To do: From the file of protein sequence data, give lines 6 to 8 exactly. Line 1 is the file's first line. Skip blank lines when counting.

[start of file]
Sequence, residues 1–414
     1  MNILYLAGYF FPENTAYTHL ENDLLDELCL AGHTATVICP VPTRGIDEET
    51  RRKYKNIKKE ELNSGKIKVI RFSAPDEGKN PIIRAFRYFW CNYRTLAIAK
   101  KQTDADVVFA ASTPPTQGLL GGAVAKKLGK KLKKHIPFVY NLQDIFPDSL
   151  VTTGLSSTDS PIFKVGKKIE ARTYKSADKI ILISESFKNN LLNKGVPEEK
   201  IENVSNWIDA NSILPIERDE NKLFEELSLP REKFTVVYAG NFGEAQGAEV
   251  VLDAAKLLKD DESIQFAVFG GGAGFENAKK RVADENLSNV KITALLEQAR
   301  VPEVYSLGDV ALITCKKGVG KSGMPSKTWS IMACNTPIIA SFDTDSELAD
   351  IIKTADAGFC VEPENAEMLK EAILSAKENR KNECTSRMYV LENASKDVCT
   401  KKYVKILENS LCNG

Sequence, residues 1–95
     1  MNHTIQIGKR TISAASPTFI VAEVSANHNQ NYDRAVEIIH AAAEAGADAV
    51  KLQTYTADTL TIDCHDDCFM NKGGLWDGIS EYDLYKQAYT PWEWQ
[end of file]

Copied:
   201  IENVSNWIDA NSILPIERDE NKLFEELSLP REKFTVVYAG NFGEAQGAEV
   251  VLDAAKLLKD DESIQFAVFG GGAGFENAKK RVADENLSNV KITALLEQAR
   301  VPEVYSLGDV ALITCKKGVG KSGMPSKTWS IMACNTPIIA SFDTDSELAD